Summer is nearly here and it looks like it’s going to be another record-breaking year in our caravan parks and camping grounds.
The boom in the caravanning lifestyle after the end of Covid lockdowns, and the rise in the work-from-anywhere culture and the Instagram generation means that the ever-burgeoning number of grey nomads will have plenty of company in paradise in the months ahead.
Caravan Industry Association of Australia (CIAA) data for the March quarter showed a strong surge in caravanning and camping numbers, with people embarking on 4.5 million trips (up 24%).
The CIAA’s CEO, Stuart Lamont, was pleased with the numbers.
“We’re continuing to see Australians’ love affair with their country grow, spending more and more time in our beautiful regional and rural towns,” he said. “That makes the growth even more encouraging, knowing that 89% of these trips are being spent in areas needing the support.”
As most nomads know, the money they spend is rural areas is deeply appreciated by locals. However, it is hard to escape the conclusion that, in some more popular destinations, they are less valued.
As campsites in the ‘top’ destinations quickly book out in peak season, site fees have been rising sharply.
And it’s not just accommodation costs that might deter nomads from some spots. For example, from November 15, any adult using Tasmania’s formerly free Cradle Mountain shuttle bus service has had to pay $15 for the privilege.
More than 300,000 people visit the park each year, and Tasmania’s Parks and Wildlife Service says the ‘cost recovery initiative’ will see revenue reinvested directly into maintaining critical infrastructure and protecting Tasmania’s natural and cultural values.
It’s probably fair to say that Cradle Mountain, and many other places around Australia, have become victims of their own success. Fragile environments are being threatened, and infrastructure at risk of being overwhelmed.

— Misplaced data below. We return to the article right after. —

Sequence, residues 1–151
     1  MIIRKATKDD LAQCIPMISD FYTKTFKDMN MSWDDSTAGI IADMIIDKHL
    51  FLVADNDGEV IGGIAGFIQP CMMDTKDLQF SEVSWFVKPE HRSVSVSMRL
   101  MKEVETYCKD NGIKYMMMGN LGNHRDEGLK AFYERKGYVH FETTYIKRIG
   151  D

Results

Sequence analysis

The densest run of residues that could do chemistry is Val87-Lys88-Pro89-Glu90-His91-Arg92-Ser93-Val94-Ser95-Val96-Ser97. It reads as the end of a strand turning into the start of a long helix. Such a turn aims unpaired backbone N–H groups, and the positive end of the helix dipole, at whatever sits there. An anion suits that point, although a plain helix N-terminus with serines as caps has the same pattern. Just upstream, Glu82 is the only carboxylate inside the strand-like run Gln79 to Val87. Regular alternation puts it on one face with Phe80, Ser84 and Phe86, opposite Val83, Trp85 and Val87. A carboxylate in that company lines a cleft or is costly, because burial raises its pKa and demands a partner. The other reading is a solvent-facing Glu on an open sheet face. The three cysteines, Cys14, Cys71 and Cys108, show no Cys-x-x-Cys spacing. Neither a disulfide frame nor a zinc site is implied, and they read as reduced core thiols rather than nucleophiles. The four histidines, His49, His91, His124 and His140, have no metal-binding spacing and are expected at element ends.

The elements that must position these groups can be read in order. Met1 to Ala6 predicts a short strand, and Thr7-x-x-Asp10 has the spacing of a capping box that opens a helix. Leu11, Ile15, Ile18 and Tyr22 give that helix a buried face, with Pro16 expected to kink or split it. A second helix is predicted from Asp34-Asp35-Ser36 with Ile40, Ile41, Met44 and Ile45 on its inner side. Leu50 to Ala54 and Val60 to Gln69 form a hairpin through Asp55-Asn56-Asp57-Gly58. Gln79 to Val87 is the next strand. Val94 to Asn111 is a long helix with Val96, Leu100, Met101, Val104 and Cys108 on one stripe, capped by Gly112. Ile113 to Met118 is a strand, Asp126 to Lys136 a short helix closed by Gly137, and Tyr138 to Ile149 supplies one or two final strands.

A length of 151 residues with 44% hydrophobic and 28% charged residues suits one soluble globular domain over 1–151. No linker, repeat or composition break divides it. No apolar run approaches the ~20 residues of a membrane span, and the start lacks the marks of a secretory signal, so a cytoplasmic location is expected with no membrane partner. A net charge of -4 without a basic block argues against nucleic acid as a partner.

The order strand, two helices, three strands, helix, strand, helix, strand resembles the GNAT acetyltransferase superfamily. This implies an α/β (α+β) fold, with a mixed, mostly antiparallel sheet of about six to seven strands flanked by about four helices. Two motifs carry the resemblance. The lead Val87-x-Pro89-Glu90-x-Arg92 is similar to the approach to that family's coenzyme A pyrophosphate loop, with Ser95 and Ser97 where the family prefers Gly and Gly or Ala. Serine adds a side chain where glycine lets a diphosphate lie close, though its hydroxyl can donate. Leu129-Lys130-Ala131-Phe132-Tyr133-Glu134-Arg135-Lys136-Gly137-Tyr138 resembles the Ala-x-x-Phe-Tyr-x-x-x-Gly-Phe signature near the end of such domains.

‘Overtourism’ is now a thing and, in some instances, travellers are being actively discouraged to prevent places from being ‘loved to death’.
Late last year, the small NSW coastal community of Seal Rocks issued an urgent plea for tourists to stay away after a traveller influx sparked traffic chaos. And a number of other coastal communities have taken a similar ‘enough is enough’ approach to tourism.
It’s the same story overseas. France, which has apparently lost 30% of its biodiversity in 35 years, has introduced tourist taxes and is encouraging people to visit less popular destinations. Elsewhere, Venice charges day-trippers to visit the city, Amsterdam is banning cruise ships, visitor numbers to the Acropolis are capped, and some US national parks have timed entry reservation systems.
So, where is it all going to end?
Experts say tourism numbers have been rising rapidly since the 1950s, have been turbocharged by the pandemic, and aren’t going to stop any time soon.
The takeaway … count your blessings, and enjoy it while you can!
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